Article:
Sometimes, the one thing you need most in your life, is a distraction. Most of the time we try to avoid them, like when trying to focus on personal priorities, but in certain instances they can do a lot of good. One of these instances is when we’re in pain. Whether it be emotional or physical pain, taking your mind off of it can sometimes be the best treatment. A lot of times it helps if these distractions are enjoyable or fun, yet relaxing so as not to worsen your pain. The idea is to lessening it. Many people enjoy turning to nature to find tranquility and escape their troubles.
Gardening can be a very rewarding hobby. Not only does it give you an outlet for your idle hands, but you get to watch something that you are responsible for grow and blossom. Working outside can double as a way to take your mind off of your ailments and soak in the relaxing
attributes of nature.
When trying to find a distraction from your pain, consider gardening, or at least spending time in a garden. Sometimes, the aforementioned “nature relaxation” factor can be enough to soothe you in some way. Read a book, knit, solve a crossword puzzle, or spend time with friends and family in a garden and forget about your pain in no time.
For some inspiration, check out this article. It might not feature any in Oklahoma, but it can give you a peek into how some other folks enjoy gardens.
Summer is here, and you know what that means: vacation time! While the prospect of summer vacations is an exciting one for most, to those with chronic pain, it can be a real source of stress. Planning ahead for ways to enjoy your vacation and manage your pain simultaneously can alleviate that stress and allow for a fun-filled experience! Here are 10 ways to improve your trip from the National Fibromyalgia & Chronic Pain Association website. http://www.fmcpaware.org/lifestyle-resources/travel-tips-for-chronic-pain-illnesses.html
- Plan for pleasure – and make sure to remember it!
- Plan ahead of time the activities or excursions you want to take part in – ones you really know you’ll enjoy. Don’t forget to document your vacation so that you will have pictures and videos to look back on when you return home.
- Get your prescriptions and supplements stocked ahead of time.
- Make sure you get your prescriptions filled at least 10 days before you leave so that you aren’t caught without your medicine away from home.
- Prepare for comfortable sleep.
- The last thing you want is to lose sleep on vacation. This is your chance to relax and rejuvenate! Pack a mattress topper or air mattress to cushion unfamiliar beds. Many prefer to sleep with their own pillow, so go ahead and take yours with you!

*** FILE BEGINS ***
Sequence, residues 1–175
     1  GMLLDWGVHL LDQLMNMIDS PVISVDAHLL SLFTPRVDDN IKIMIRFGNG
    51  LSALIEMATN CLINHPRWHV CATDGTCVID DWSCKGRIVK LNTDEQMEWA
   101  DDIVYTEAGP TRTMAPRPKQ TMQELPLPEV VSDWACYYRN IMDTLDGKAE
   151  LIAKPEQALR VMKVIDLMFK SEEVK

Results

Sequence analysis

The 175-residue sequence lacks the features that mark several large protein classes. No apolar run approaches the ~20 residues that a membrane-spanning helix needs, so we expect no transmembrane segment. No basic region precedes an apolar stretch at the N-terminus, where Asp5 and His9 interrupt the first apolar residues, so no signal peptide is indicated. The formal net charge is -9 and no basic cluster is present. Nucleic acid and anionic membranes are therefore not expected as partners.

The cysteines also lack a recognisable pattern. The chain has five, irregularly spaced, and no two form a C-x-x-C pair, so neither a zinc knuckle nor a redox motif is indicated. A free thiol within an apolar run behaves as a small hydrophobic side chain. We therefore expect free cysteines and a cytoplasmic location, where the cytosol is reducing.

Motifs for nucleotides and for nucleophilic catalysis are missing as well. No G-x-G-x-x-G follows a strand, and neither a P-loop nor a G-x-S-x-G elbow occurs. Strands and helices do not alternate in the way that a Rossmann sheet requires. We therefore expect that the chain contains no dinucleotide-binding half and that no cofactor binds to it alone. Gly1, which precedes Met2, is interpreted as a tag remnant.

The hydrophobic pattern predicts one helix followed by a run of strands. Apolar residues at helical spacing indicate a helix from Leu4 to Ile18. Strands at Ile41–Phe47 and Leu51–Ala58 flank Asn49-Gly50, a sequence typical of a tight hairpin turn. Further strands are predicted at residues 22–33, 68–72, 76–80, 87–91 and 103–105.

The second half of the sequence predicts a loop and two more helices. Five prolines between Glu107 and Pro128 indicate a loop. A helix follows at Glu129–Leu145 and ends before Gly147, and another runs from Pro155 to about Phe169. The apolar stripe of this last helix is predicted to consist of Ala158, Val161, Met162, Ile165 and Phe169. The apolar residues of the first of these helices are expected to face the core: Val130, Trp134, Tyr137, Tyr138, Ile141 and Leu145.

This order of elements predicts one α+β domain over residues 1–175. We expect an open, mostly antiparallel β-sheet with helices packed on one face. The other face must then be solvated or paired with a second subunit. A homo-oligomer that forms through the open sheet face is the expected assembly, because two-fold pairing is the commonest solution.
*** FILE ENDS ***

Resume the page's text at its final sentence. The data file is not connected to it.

- Ask for assistance.
- Don’t be afraid to ask for special accommodations or help while on vacations. Most hotels are happy to fill your specifications – such as a room closer to the elevator, or a bathroom with a shower but no tub. Making sure these details are in order can make all the difference in your level of satisfaction on vacation.
- Do your stretches!
- A lot of the time traveling will include sitting or staying in one place for extended periods of time, such as in the car or on a plane. Make sure to stop driving and stretch your legs every two hours or so, and on a plane you can make a walk to the bathroom really count.
- Sleep is NOT overrated.
- Do all the fun activities on your trip that you want to do, but don’t forget about your 8 hours of sleep. Like we said before, it is important to feel rested after your vacation even if you have a full itinerary planned. Nothing ruins a day faster than feeling exhausted.
- Take good care of your feet.
- Make sure to wear good, supportive shoes especially if you are going to be doing a lot of walking. Sore feet are a nuisance no one wants when trying to enjoy a vacation, so be sure to kick back and put them up at the end of the day.
- Be careful of what you eat.
- Enjoy the local fare, but maybe only one meal a day. Keep the other two simple and easy on the stomach.
- Don’t try to see it all.
- It’s better to see what you truly want to see and see it fully than try to see everything you vacation spot has to offer. Don’t overdo it!
- Allow plenty of time.
- Delays when traveling are almost inevitable. Make sure you plan for unexpected detours or slip-ups so that you aren’t rushing from place to place. Building extra time into your schedule can really be a stress-saver later on.
Overall, planning is the key to an enjoyable vacation, despite pain. Don’t let it ruin all your fun.
If your pain has been around for a while and is getting to be unmanageable, give us a call at Norman Interventional Pain Management and let us help get to the bottom of it.